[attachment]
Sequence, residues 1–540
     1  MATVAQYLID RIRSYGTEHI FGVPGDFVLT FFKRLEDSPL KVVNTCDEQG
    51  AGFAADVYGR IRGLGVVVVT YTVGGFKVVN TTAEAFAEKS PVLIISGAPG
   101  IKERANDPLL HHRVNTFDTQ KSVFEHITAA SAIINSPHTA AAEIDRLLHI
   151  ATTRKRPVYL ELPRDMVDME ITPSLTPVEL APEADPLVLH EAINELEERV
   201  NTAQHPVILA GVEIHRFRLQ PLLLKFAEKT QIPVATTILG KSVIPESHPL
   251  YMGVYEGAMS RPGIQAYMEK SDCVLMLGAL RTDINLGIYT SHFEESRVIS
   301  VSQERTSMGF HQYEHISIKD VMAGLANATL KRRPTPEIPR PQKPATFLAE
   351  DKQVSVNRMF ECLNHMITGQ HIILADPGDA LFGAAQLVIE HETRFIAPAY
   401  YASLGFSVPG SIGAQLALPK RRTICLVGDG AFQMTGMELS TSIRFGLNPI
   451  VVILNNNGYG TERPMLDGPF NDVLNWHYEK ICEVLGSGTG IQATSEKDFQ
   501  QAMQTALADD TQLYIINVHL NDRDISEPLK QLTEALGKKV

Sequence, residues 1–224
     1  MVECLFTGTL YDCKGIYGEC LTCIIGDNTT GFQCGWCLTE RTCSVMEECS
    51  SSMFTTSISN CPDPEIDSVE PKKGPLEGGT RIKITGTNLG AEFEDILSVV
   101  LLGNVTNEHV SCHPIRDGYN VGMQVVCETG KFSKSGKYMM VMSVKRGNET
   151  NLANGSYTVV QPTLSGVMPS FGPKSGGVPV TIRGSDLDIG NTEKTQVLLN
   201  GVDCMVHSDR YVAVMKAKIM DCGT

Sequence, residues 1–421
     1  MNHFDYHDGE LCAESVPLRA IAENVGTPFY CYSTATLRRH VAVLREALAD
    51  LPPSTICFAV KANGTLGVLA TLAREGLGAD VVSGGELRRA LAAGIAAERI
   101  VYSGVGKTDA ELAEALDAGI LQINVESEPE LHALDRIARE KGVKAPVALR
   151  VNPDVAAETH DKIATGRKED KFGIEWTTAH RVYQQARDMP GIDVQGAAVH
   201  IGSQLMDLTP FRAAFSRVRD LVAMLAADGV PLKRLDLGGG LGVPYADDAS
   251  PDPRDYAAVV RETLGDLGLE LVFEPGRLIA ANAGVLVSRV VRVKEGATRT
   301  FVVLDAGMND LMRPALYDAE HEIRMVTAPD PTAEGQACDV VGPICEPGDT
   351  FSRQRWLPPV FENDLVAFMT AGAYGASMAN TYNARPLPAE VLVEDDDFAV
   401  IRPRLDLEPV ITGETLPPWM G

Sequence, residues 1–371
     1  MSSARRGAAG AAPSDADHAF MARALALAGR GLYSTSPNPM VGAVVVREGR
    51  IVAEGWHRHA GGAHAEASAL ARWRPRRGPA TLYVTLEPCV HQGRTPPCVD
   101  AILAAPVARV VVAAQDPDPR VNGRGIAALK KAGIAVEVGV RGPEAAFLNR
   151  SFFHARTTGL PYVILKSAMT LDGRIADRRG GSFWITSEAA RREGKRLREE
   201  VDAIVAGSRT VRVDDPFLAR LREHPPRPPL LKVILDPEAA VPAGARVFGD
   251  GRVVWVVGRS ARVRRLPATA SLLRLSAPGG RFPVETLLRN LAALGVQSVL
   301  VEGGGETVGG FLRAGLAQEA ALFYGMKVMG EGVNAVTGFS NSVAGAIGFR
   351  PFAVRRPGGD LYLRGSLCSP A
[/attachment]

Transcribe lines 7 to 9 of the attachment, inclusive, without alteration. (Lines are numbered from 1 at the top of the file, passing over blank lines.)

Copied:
   251  YMGVYEGAMS RPGIQAYMEK SDCVLMLGAL RTDINLGIYT SHFEESRVIS
   301  VSQERTSMGF HQYEHISIKD VMAGLANATL KRRPTPEIPR PQKPATFLAE
   351  DKQVSVNRMF ECLNHMITGQ HIILADPGDA LFGAAQLVIE HETRFIAPAY